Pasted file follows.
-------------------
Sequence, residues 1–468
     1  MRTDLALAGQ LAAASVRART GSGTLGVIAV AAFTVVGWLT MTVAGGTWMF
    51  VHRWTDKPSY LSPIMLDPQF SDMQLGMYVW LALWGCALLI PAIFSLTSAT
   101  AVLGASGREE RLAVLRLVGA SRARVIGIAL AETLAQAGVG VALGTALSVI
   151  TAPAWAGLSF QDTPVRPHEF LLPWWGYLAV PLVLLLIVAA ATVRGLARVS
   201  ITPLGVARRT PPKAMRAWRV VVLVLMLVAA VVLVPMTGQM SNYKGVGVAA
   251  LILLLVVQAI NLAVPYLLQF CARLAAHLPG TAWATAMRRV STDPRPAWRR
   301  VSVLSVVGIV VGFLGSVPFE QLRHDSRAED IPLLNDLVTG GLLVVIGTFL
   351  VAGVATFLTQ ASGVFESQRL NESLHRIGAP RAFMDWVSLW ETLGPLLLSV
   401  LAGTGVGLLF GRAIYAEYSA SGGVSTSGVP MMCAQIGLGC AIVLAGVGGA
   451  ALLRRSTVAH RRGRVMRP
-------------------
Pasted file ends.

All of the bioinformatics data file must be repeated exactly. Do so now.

Sequence, residues 1–468
     1  MRTDLALAGQ LAAASVRART GSGTLGVIAV AAFTVVGWLT MTVAGGTWMF
    51  VHRWTDKPSY LSPIMLDPQF SDMQLGMYVW LALWGCALLI PAIFSLTSAT
   101  AVLGASGREE RLAVLRLVGA SRARVIGIAL AETLAQAGVG VALGTALSVI
   151  TAPAWAGLSF QDTPVRPHEF LLPWWGYLAV PLVLLLIVAA ATVRGLARVS
   201  ITPLGVARRT PPKAMRAWRV VVLVLMLVAA VVLVPMTGQM SNYKGVGVAA
   251  LILLLVVQAI NLAVPYLLQF CARLAAHLPG TAWATAMRRV STDPRPAWRR
   301  VSVLSVVGIV VGFLGSVPFE QLRHDSRAED IPLLNDLVTG GLLVVIGTFL
   351  VAGVATFLTQ ASGVFESQRL NESLHRIGAP RAFMDWVSLW ETLGPLLLSV
   401  LAGTGVGLLF GRAIYAEYSA SGGVSTSGVP MMCAQIGLGC AIVLAGVGGA
   451  ALLRRSTVAH RRGRVMRP